JF: Touch is such an intimate, private act that stands in stark contrast to the exposed, very public nature of so many sculptures and monuments. I think we very quickly learn how to drown out the noise and potential interference of public spaces we inhabit in order to create a protective atmosphere of our own in which we can express unsaid and unsayable things. This is most evident, of course, in religious settings and the ways that worshipers touch the feet of saints while praying, and in doing so, create a golden, worn patina that speaks of centuries of prayer and attention.

Jacob Epstein, Oscar Wilde’s Tomb, 1912, Paris. Photo 2007, Christine592Flickr/Creative Commons.

It’s not often that acts of such intimacy become so visible in non-religious settings, but I do love the example offered by Oscar Wilde’s tomb, made by the sculptor Jacob Epstein in 1912. It received so much love in the form of lipstick-covered kisses from adoring fans that the sandstone began to erode and a glass barrier had to be installed to protect it, which of course, is now also covered in kisses. Destruction through love! I often wonder at what point people would stop kissing the glass; how many barriers is too many barriers to express your love?

This leads me on to consider the subject of failure. If a work is destroyed, it is often considered to have failed in some way. But I like the idea that destruction, whatever form it takes, is a kind of gathering action where we are introduced to something potentially more expansive that forges a powerful relation to a particular era or context.

Cornelia Parker, The Distance (A Kiss With Added String Attached), 2003, Tate Britain. Fair Use.

JM: To pick up briefly on erosion and kisses, do you remember when Cornelia Parker wrapped string thread around Rodin’s The Kiss (1901–4), retitling it The Distance (A Kiss With String Attached) at Tate Britain in 2003 and someone cut the threads… basically destroying her work and restoring the Rodin? I think destruction-restitution is interesting in itself – and of course, the question of who has ‘the right’ to intervene with works in a public gallery’s publicly owned works. It is a thorny question – I don’t imagine Tate would appreciate Rodin himself changing work they had acquired – and there are plenty of examples of this kind of revision. The idea of completion is very complicated. And in ways, concepts like Rodin’s kiss, Brancusi’s kiss, Duchamp et al are returns to totemic / or iconic manifestations, long before any kind of commodification of art, culture… I think the desecration element in desecrations’ self-justification is deep-rooted repetition of the sacred and profane dichotomies…

Another example is the number of public sculptures – particularly bronze sculptures – in cities the world over that have certain body parts that have been touched and rubbed so many times that the patina has worn off, revealing the bronze beneath. Generally, but not always, breasts and  genitalia. What is this – a desire to touch and communicate, or something more leery? Or both and neither…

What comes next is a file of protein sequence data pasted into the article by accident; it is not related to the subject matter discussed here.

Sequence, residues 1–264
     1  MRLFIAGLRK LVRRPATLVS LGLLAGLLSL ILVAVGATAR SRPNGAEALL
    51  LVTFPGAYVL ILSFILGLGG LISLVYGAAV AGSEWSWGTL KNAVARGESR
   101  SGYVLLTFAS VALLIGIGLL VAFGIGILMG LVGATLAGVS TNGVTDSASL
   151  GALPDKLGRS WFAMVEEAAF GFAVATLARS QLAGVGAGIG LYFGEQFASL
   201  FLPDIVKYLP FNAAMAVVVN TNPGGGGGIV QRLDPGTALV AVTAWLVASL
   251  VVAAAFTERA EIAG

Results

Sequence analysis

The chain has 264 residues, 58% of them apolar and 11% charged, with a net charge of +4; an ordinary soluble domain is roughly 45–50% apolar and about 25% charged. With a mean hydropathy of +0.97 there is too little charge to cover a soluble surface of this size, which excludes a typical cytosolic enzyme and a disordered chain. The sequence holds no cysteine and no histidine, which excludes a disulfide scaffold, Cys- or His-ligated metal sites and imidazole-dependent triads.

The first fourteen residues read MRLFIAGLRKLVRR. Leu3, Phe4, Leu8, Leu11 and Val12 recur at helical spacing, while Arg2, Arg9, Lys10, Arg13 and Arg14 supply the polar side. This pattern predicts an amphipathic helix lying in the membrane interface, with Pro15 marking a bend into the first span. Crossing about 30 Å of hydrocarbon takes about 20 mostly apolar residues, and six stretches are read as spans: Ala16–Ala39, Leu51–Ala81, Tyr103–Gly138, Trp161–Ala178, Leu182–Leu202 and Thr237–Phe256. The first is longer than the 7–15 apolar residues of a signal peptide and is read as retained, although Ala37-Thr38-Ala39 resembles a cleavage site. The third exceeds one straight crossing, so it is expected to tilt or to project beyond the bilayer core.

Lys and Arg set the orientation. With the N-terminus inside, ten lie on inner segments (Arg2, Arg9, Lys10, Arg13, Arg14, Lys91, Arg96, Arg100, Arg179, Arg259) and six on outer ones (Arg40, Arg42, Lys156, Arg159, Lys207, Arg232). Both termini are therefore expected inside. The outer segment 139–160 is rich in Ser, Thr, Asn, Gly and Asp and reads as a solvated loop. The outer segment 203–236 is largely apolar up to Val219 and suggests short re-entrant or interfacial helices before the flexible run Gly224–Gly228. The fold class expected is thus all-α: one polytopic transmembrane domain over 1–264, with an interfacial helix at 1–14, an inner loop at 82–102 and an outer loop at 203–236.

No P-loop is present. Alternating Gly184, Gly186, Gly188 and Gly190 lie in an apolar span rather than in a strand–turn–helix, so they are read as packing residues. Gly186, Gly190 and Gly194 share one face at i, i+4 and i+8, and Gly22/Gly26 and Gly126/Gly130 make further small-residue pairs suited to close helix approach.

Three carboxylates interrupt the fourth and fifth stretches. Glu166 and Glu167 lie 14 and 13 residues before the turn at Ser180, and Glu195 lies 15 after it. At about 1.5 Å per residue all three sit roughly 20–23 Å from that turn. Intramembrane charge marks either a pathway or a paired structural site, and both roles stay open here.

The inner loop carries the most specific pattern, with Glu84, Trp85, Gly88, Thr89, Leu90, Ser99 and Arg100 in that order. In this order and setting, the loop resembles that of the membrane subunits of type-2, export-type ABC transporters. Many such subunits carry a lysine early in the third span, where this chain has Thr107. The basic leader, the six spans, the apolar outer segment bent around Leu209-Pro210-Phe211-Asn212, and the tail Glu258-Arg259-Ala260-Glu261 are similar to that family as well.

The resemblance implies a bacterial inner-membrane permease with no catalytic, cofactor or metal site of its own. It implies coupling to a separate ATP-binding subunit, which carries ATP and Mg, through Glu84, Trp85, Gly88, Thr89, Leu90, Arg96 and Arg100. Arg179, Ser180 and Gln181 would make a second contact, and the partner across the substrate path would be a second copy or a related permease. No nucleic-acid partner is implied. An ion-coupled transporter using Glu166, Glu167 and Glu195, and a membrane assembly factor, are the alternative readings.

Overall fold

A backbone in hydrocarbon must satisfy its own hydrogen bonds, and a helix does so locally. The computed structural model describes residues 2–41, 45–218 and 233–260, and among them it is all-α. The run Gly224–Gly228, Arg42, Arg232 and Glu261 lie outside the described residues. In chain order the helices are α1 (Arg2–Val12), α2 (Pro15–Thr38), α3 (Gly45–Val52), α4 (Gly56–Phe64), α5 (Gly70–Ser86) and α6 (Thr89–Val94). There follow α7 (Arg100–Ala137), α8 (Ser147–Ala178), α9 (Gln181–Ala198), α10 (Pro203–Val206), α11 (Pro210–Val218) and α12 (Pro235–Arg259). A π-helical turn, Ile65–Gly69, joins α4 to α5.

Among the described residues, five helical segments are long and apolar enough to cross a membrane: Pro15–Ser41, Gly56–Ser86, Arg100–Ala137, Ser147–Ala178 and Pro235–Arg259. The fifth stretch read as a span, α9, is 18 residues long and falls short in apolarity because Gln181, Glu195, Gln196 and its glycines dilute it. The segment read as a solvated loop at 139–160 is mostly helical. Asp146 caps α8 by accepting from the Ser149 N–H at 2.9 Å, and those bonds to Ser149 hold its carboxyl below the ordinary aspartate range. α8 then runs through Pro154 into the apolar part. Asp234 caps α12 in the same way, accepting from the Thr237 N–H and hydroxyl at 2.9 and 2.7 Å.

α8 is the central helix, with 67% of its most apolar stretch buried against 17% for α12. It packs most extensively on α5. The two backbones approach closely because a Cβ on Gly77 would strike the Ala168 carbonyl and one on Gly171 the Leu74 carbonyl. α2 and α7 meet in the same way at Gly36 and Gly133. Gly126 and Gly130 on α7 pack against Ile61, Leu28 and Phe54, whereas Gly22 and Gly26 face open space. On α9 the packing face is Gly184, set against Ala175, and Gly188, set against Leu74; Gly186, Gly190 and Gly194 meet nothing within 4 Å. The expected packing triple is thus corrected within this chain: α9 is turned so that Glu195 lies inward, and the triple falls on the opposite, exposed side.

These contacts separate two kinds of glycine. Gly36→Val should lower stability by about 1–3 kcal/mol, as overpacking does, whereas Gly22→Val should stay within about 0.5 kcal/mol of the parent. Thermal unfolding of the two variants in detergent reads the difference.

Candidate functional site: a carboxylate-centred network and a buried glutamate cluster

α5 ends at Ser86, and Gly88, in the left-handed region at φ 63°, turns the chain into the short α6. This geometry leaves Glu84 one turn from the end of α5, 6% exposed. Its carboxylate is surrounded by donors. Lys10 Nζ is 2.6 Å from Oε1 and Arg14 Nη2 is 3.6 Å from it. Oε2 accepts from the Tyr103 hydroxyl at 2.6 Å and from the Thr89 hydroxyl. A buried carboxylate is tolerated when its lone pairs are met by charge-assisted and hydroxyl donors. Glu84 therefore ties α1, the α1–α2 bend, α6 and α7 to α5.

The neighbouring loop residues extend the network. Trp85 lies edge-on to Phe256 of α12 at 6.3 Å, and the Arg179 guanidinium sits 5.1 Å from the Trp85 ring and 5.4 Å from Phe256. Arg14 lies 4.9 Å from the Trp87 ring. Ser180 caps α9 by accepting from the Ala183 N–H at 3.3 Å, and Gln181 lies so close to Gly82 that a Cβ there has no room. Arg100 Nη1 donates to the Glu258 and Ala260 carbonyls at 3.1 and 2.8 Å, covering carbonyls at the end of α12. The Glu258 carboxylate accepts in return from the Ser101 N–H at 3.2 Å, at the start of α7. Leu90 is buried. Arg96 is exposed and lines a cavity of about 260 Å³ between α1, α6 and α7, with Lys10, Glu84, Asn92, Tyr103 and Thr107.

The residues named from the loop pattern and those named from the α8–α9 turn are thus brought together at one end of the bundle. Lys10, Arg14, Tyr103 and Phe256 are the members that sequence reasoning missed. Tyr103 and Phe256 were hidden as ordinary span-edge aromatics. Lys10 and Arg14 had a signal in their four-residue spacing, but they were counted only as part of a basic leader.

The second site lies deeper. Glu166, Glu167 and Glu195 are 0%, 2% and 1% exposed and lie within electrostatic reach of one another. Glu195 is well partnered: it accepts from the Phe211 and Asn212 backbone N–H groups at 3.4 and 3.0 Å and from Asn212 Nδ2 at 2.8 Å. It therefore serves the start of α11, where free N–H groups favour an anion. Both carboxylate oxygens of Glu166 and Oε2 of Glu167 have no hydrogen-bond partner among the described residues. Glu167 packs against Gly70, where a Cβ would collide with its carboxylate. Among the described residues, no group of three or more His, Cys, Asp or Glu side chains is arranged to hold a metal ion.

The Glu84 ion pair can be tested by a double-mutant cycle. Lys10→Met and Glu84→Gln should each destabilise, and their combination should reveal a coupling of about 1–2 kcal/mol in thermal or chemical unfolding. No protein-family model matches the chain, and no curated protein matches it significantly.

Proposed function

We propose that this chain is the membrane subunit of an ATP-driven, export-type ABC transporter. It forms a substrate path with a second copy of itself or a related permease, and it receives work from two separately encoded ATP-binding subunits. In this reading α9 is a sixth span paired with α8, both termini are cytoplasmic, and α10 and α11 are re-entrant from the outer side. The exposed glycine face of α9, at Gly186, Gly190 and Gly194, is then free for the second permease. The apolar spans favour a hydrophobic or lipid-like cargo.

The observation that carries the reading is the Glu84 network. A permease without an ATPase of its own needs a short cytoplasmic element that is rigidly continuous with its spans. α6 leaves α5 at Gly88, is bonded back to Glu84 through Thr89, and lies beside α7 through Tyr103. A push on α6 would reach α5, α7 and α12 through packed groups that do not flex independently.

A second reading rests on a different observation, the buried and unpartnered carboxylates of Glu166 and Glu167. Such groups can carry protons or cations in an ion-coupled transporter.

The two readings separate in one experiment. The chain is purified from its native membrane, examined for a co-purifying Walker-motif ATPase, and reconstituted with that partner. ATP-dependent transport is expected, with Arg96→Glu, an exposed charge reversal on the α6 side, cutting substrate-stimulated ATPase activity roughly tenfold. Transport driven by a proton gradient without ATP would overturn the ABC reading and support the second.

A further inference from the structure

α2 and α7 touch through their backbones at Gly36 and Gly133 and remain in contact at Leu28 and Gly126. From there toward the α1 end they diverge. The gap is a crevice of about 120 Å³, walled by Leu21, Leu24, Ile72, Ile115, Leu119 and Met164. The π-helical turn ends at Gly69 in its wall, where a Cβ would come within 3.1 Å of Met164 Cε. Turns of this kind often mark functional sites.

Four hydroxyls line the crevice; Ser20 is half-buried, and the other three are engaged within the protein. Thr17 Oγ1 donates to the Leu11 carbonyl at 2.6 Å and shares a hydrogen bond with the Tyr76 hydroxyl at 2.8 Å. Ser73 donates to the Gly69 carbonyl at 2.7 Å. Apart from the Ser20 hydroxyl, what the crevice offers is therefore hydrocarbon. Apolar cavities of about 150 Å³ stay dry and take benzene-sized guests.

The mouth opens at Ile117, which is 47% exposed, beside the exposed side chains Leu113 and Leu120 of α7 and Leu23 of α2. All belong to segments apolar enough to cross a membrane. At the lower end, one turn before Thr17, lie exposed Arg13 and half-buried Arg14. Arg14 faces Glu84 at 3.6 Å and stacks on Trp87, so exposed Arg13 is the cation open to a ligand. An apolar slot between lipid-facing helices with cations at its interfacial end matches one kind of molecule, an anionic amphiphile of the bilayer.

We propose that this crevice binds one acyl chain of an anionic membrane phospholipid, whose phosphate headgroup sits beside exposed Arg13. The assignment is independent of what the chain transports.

If there was no possibility of failure, ie the work succeeds due to a preordained pattern, then what would be the point of risking its impossible resolution urges? Its possible failure is for me what keeps it alive – the doubting of being ‘in-between’ when a decision hovers and we simply don’t know but we have to take a plunge. For this, I hold Bas Jan Ader in high esteem, the openness of Yoko Ono’s performative writing… Bruegel’s representation of the fall of Icarus, and Auden’s lines on this –

In Breughel’s Icarus, for instance: how everything turns away

Quite leisurely from the disaster; the ploughman may

Have heard the splash, the forsaken cry,

But for him it was not an important failure; the sun shone

As it had to on the white legs disappearing into the green

Water; and the expensive delicate ship that must have seen

Something amazing, a boy falling out of the sky,

Had somewhere to get to and sailed calmly on.

JF: And this is exactly as it should be. To comprehend, accept, or mull over every failure is an overwhelming, impossible task. One person’s failure is necessarily another person’s distant splash. The idea of failure is subjective – who decides that something has failed and on what grounds? I received an email a few months ago from a curator telling me about a publicly sited artwork that she had worked on that had been destroyed in some way. Whilst those around her perceived the attack to be an act of vandalism which pointed to the failure of the artwork or the commissioning organisation, or the context as a whole, both she and the artist took the destruction as a positive engagement and wanted to explore ways of preserving it, in order for it to become part of the future narrative of the work. I’m interested in this opening up of the possibilities for public art; to put fear centre stage and embrace the unknown.

Can we round up our discussion with a bit of reflection on the archive? You’ve spent a large part of your career thinking through the various ways that archives are constructed, used and talked about. For me, an archive is a fantastically flawed, brilliantly vital repository of ideas, stories, and works of art, which holds within it limitless possibilities for interpretation, reinterpretation and re-situation. As Ines Schaber says, ‘the archive is not only a place of storage but also a place of production.’1